Dawn on Dallas Peak. Hiking in the opposite direction, I kept having to stop to take photos behind us.
The next 2 hours took us past another small lake, before arriving at the uppermost of the Blue Lakes. We stopped here to eat our dehydrated breakfast pouches. Top Tip: DO NOT TRY the 'Good To Go' 'Oatmeal' pouch with Quinoa, Chia and Hemp Hearts. Get two pouches of their 'Granola' for breakfast instead. The 'Oatmeal' looks like cat vomit and tastes like wet socks. The granola, thank goodness, is actually quite good. Amy and I shared them, both pretending to eat the awful oatmeal, beofre passing it back to the other person and cruching the granola.
The first of the Upper Lakes
Not a bad spot for breakfast at Upper Blue Lake
One wet foot and some nasty oatmeal. This view made up for it.
We then hiked up an hour and 1,200 ft of elevation on switchbacks to Blue Lakes Pass. From here you get your first good view of Sneffels and a view into Yankee Boy Basin. The view from the bottom of Lavender Colouir, our way to the summit, is daunting. From Blue Lakes Pass we hiked down into Yankee Boy Basin about a half a mile to link up with the trail that would proceed up Lavender Colouir to the summit.
Route to the top of Mt Sneffels up Lavender Colouir
From the start of Lavender Colouir, the hike to the summit of Sneffels in no joke. You have two choices; either you hike up the left side of the boulder field on giant 3-6 foot rocks or you scramble up the right side on tiny pebbles, losing your footing and sliding around everywhere. Ultimately, after trying both, we settled on the boulders over the scree. It was exhausting, but at least on the bigger rocks you had (relatively) secure footing and didn't have to use you hands to keep from sliding down the mountain.
Almost up the first scree field. We chose the boulder side.
After an hour of grueling climbing and sliding we reached a saddle. Amy turned to me with a giant smile and said something like, 'I can't believe we made it to the top!'. I'm not sure how she got the idea that this was the top, but we were only about halfway up the awful rock field. The colouir continued to our left for another 45 minutes. It was rough.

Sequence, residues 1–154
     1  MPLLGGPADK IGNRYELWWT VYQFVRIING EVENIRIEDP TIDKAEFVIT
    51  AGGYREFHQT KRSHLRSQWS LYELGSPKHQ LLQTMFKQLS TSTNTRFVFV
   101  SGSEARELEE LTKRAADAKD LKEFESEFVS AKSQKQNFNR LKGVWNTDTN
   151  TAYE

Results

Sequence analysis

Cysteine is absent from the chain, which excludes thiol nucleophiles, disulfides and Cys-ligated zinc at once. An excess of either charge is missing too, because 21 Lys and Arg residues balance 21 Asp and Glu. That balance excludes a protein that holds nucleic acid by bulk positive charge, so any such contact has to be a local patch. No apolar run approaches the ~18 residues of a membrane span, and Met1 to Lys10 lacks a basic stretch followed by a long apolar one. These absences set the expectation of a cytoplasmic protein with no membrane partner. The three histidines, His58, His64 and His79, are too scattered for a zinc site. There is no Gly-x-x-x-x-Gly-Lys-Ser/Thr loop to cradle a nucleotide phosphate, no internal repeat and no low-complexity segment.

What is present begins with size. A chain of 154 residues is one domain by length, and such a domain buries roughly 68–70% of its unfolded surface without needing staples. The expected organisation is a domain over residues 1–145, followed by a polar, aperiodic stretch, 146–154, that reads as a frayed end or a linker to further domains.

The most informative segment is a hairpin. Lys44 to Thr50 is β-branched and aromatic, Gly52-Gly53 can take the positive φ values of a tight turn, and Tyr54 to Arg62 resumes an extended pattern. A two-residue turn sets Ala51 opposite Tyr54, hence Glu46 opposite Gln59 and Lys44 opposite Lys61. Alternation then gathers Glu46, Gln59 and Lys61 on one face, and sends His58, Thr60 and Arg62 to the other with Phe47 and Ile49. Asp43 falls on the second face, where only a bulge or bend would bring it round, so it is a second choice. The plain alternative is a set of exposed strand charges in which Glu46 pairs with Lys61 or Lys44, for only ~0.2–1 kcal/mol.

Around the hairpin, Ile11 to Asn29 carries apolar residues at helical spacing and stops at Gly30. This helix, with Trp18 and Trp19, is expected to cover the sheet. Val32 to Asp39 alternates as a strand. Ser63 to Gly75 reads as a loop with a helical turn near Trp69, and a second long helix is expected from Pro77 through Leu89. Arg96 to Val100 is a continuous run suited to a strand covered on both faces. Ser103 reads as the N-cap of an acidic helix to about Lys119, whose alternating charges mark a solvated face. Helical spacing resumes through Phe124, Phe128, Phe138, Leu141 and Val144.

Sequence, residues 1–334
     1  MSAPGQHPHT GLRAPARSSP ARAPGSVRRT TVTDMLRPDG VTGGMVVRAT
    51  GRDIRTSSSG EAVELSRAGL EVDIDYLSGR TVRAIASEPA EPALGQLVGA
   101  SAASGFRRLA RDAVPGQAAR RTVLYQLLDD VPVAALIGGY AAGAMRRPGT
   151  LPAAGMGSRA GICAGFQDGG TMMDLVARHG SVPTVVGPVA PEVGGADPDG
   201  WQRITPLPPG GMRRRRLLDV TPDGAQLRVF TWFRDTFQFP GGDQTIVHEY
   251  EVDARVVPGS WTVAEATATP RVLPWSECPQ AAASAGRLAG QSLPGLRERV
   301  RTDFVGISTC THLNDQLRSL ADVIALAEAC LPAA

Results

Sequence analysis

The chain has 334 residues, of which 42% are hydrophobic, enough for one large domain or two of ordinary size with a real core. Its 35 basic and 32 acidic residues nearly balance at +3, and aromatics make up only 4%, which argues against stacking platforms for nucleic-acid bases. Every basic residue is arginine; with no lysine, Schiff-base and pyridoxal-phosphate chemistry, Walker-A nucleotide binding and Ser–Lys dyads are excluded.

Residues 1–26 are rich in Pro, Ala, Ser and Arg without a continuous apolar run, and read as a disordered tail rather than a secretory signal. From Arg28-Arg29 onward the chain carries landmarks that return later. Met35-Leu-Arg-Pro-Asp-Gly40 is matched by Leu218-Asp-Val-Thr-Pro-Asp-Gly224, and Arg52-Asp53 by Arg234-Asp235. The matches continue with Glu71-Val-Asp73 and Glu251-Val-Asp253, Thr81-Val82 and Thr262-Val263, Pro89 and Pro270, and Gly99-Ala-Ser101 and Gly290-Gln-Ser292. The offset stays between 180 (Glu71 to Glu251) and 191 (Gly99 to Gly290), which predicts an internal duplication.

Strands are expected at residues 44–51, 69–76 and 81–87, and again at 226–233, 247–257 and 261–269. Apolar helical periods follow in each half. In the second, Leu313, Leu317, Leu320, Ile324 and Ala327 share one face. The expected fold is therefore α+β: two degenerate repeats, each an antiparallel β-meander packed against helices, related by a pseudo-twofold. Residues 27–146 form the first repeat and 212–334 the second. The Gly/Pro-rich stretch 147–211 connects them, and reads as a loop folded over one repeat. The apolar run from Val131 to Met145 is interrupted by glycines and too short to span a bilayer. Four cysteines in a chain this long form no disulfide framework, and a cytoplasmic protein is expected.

View from the saddle where Amy thought we were finished
At the top of the second leg of colouir scrambling is 'The Notch'. This is supposedly the most difficult part of reaching the summit of Mt Sneffels. In my opinion it is not. Several groups had stopped here, refusing to squeeze through the tight V-Shaped gap in the rocks to continue the 100 yards to the summit. I was flabbergasted that anyone would come all this way and stop here, so close to the summit. The V Notch was a non-issue of us. It is a little scary because you have to search a little for semi blind hand and foot holds, but it is a two movement maneuver and once you're through, the remaining bit to the summit is a breeze.
Looking down on the saddle from the top of the second leg of Lavender Colouir
View down from The Notch on the right
The summit was magnificent. We were there with only one other guy. We snapped pictures and ate snacks for about 20 minutes. In those 20 minutes, however, we could see the weather changing quickly. We decided it was time to head back.
Summit View toward Ouray
Summit View over Upper and Lower Blue Lakes. The farthest/smallest sliver of lake is where we began the day, The weather was obviously buiding to the East.
Thank goodness we made it past the rock scramble part on the way down before the weather turned. It sprinkled, thundered and flashed lightning all around us for an hour. After an hour of that fun, the hail began. Luckily the hail was small enough not to hurt. It rained/hailed on us for 3 of the 4 hour trip back to our camp.
The weather turning halfway down Lavender Colouir
Exhausted and back at camp around 2pm, we ate PB&J and Mac and Cheese bowls and climbed into the tent. We slept for 2 hours.
Dinner and the hike back to the car the next day were relatively uneventful. Our packs, now 50% lighter from the lack of food and water, were much easier to manage. The wildflowers were still unbelieveable!
Overall it was an incredible trip and one I would recommend to anyone looking for an overnight 14er summit in Colorado.
Dirty and exhausted parking lot selfie